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Monopolies on Covid vaccines are killing people in poorer countries | Achal Prabhala and Chelsea Clinton

Emissaries from South Africa have been begging the WTO to endorse a vaccine waiver to spare more unnecessary suffering

On 10 July,Dr Abraham Sokhaya Nkomo died of Covid-19 in Pretoria, South Africa. Abe Nkomo, as he was popularly known, was a giant of South African public life: a physician, an anti-apartheid organiser, a member of parliament, a diplomat and a longtime public health activist. He received his first dose of the Pfizer vaccine on 9 June. On 24 June, his family noticed he had developed flu-like symptoms, and moved him to a hospital after he tested positive for Covid. At first, he seemed to be beating the infection. Soon, however, his oxygen levels dropped, and he needed a ventilator. He was then shifted into ICU, where his condition declined rapidly.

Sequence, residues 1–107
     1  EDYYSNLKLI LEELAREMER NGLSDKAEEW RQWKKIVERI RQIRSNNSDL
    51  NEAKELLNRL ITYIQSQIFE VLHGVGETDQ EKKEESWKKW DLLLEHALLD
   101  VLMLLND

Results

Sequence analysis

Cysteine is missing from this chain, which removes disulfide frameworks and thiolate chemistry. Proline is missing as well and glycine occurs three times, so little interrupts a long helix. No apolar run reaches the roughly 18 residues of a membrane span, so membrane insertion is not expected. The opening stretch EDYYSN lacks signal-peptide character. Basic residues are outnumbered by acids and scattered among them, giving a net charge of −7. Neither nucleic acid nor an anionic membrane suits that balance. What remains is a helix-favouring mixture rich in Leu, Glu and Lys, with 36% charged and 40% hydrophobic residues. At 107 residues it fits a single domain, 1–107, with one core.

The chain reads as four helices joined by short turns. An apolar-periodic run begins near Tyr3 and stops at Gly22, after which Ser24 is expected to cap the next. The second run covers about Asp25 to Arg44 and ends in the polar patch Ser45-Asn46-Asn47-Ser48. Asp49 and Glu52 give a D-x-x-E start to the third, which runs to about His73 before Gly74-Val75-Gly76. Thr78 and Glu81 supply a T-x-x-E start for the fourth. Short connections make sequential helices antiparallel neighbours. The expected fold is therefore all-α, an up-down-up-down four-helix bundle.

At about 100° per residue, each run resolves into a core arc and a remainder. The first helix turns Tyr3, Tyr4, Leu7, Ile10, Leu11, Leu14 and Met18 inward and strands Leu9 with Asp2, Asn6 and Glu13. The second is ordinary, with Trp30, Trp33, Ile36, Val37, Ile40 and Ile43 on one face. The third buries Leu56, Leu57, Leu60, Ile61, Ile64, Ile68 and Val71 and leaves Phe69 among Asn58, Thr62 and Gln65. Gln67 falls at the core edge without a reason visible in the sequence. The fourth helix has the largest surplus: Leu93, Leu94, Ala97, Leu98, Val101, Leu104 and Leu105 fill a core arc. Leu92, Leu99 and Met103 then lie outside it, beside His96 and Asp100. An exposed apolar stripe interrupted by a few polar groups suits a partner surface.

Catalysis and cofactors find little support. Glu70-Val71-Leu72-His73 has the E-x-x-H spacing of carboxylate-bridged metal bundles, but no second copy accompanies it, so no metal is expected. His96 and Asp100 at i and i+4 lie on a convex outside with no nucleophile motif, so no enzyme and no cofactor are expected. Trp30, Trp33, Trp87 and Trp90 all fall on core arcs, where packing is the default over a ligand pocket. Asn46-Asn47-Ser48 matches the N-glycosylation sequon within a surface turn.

In the weeks leading up to his death, thousands of miles away, his youngest son, Marumo Nkomo, a councillor at the South African Mission in Geneva, was in frenzied talks at the World Trade Organization. As the trade representative for his country, Nkomo and his boss – the head of the mission, Xolelwa Mlumbi-Peter – were pushing the WTO to endorse a global waiver of pharmaceutical monopolies so that poor countries around the world could produce the vaccines they need. (Less than 3% of the African continent has been vaccinated to date, because rich countries have bought up and hoarded nearly the entire global supply). As his father’s condition deteriorated, Nkomo made the decision to fly home. Ten minutes after his plane touched down in Johannesburg, his brother called to tell him their father had died.

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Read the original article at The Guardian

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